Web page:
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Like the rich man with Lazarus at his gate, we’re “very much informed,” warns pope

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Kathleen N. Hattrup - published on 03/12/20

During morning Mass, pope cautions about information that doesn't penetrate the heart. Also, prays for authorities who have to make decisions in pandemic.

“We pray for those who govern, who must make decisions regarding the measures” to be taken to contain the Covid-19 Coronavirus. May they “feel accompanied by the prayer of the people,” Pope Francis said at the beginning of the sacred liturgy he celebrated on Thursday at Casa Santa Marta. “Many times they make decisions that people don’t like but it’s for our good.”

The pope then turned to the Gospel of the day from Luke (16:19-31).

Pope Francis described the rich man in Jesus’ parable as someone who was satisfied, happy, without any concerns. His clothes were probably made by the best fashion designers of his day. He may have had to take medication for high cholesterol due to the banquets he gave every day. His life was going along quite well.

The rich man knew that a poor man lived at his door step. He even knew his name was Lazarus. The problem is that Lazarus “didn’t matter.” He thought it was normal and that Lazarus would take care of himself. Both men died.

The Gospel says that Lazarus ‘was taken to heaven with Abraham, to the bosom of Abraham.’ Regarding the rich man, it says he ‘was buried.’ Period.

Pope Francis was impressed by the “great abyss” between the two.

“Between us there is a great abyss. We can’t communicate. We can’t go from one side to the other.” It was the same abyss that had existed between the rich man and Lazarus while they were alive.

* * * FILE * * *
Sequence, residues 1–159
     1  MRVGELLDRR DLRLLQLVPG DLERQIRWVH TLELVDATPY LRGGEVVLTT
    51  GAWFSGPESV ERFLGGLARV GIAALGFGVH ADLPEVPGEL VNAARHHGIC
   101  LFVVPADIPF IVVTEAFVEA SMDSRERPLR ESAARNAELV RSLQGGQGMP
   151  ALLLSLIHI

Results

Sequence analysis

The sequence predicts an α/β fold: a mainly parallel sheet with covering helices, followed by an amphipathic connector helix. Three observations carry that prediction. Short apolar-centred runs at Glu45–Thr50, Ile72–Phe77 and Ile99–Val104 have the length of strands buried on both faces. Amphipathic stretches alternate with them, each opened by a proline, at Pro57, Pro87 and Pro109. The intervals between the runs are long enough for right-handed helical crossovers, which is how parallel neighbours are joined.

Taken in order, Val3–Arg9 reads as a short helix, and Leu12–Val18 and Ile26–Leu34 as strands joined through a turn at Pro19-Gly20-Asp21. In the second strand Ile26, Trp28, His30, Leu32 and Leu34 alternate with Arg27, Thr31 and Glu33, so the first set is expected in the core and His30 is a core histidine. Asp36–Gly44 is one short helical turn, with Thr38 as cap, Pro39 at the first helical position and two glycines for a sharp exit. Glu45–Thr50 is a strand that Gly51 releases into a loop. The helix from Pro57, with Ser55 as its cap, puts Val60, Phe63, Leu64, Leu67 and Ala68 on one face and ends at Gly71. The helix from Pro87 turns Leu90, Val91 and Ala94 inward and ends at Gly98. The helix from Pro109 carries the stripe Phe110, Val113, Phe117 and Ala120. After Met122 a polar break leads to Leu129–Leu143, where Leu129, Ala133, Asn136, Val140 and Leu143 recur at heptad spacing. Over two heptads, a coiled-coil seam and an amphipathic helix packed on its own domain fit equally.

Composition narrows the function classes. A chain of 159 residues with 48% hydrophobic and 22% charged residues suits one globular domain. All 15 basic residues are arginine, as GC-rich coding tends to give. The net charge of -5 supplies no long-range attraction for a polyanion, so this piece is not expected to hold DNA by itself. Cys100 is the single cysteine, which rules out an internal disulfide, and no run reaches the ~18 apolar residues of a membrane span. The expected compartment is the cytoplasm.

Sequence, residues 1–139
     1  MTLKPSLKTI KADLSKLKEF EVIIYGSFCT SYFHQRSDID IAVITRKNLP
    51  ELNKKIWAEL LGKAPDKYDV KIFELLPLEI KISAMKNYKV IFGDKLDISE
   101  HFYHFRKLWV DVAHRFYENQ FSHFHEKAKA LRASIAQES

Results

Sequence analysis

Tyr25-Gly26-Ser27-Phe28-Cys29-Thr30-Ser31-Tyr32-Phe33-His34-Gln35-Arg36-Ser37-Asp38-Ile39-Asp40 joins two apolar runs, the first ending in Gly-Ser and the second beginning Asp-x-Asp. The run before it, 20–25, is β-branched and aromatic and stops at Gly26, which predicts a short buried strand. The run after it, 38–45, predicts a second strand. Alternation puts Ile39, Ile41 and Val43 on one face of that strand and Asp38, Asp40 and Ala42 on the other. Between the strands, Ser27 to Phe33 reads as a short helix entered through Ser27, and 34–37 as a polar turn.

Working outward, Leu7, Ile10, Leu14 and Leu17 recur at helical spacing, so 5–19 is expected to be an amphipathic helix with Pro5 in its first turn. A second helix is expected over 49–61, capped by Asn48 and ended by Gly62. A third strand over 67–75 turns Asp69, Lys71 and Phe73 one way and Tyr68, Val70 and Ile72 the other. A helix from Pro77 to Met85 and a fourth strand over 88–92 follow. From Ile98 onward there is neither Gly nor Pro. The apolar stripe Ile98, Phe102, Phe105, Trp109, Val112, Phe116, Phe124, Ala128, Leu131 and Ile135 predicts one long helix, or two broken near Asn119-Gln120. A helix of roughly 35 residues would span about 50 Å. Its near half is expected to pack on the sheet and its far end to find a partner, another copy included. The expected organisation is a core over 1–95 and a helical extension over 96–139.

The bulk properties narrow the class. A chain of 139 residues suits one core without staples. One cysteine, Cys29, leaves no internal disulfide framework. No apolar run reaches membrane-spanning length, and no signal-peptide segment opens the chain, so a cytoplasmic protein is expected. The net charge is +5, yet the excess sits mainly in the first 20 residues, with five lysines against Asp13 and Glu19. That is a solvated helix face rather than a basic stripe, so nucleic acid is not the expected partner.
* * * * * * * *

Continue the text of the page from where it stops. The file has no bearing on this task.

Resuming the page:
Pope Francis described the rich man’s drama as being “very much informed.” That information, the pope said, “never penetrated his heart. He wasn’t moved by the drama that others were living.” This is our drama too, he said.

We all know because we’ve heard it on the television or we’ve read it in the newspapers: How many children suffer hunger today in the world, how many children don’t have the necessary medicines, how many children can’t go to school. We say, ‘poor things’ and continue on.… We know these things exist, but it doesn’t penetrate our heart.



Read more:
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Indifference

The drama is that we are well-informed but that we do not “feel the reality” that others live. “This is the abyss, the abyss of indifference,” Pope Francis said.

Today in Rome, he reflected, we are all worried because “it seems the stores are closed,” and I have to adjust my day-to-day activities. I can’t go where I want, I’m worried about my things. But we forget

about the poor, at the borders of countries, seeking liberty — these migrants forced to flee from hunger and from war, who only find a wall, a wall of iron, a wall of barbed wire, a wall that doesn’t allow them to pass. We know that this exists, but the heart isn’t moved. We live in indifference.

This indifference robs us even of our name, as in the case of the rich man, whose name we don’t know. It is egoism, the pope said, that “makes us lose our real identity, our name.”

This leads to a “culture of adjectives where your value is in what you have: Indifference brings us to the point of losing our name…. We are this or that. We are adjectives.”

Pope Francis concluded with the prayer:

We ask the Lord today for the grace of not falling into indifference. The grace that all the information we have about human suffering might penetrate our hearts and move us to do something for others.

POPE FRANCIS

Read more:
Pope: No concessions in claiming to love God but hating our neighbor

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